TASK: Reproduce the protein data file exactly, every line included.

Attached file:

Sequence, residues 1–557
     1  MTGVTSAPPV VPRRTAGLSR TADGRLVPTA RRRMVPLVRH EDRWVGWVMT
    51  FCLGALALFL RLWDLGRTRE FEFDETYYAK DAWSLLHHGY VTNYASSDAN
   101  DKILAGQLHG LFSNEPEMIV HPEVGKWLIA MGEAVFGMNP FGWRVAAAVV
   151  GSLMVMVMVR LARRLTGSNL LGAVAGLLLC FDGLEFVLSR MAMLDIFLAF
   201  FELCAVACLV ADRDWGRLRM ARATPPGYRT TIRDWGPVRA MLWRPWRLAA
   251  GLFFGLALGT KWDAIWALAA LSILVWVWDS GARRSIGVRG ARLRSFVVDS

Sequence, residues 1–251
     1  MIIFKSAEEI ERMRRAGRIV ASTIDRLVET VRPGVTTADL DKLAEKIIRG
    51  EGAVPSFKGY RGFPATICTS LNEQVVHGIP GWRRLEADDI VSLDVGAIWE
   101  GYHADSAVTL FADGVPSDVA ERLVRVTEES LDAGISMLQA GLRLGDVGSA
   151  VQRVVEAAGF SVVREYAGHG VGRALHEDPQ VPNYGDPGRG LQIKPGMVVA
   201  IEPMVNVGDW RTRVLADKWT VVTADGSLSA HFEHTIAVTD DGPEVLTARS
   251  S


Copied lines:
Sequence, residues 1–557
     1  MTGVTSAPPV VPRRTAGLSR TADGRLVPTA RRRMVPLVRH EDRWVGWVMT
    51  FCLGALALFL RLWDLGRTRE FEFDETYYAK DAWSLLHHGY VTNYASSDAN
   101  DKILAGQLHG LFSNEPEMIV HPEVGKWLIA MGEAVFGMNP FGWRVAAAVV
   151  GSLMVMVMVR LARRLTGSNL LGAVAGLLLC FDGLEFVLSR MAMLDIFLAF
   201  FELCAVACLV ADRDWGRLRM ARATPPGYRT TIRDWGPVRA MLWRPWRLAA
   251  GLFFGLALGT KWDAIWALAA LSILVWVWDS GARRSIGVRG ARLRSFVVDS

Sequence, residues 1–251
     1  MIIFKSAEEI ERMRRAGRIV ASTIDRLVET VRPGVTTADL DKLAEKIIRG
    51  EGAVPSFKGY RGFPATICTS LNEQVVHGIP GWRRLEADDI VSLDVGAIWE
   101  GYHADSAVTL FADGVPSDVA ERLVRVTEES LDAGISMLQA GLRLGDVGSA
   151  VQRVVEAAGF SVVREYAGHG VGRALHEDPQ VPNYGDPGRG LQIKPGMVVA
   201  IEPMVNVGDW RTRVLADKWT VVTADGSLSA HFEHTIAVTD DGPEVLTARS
   251  S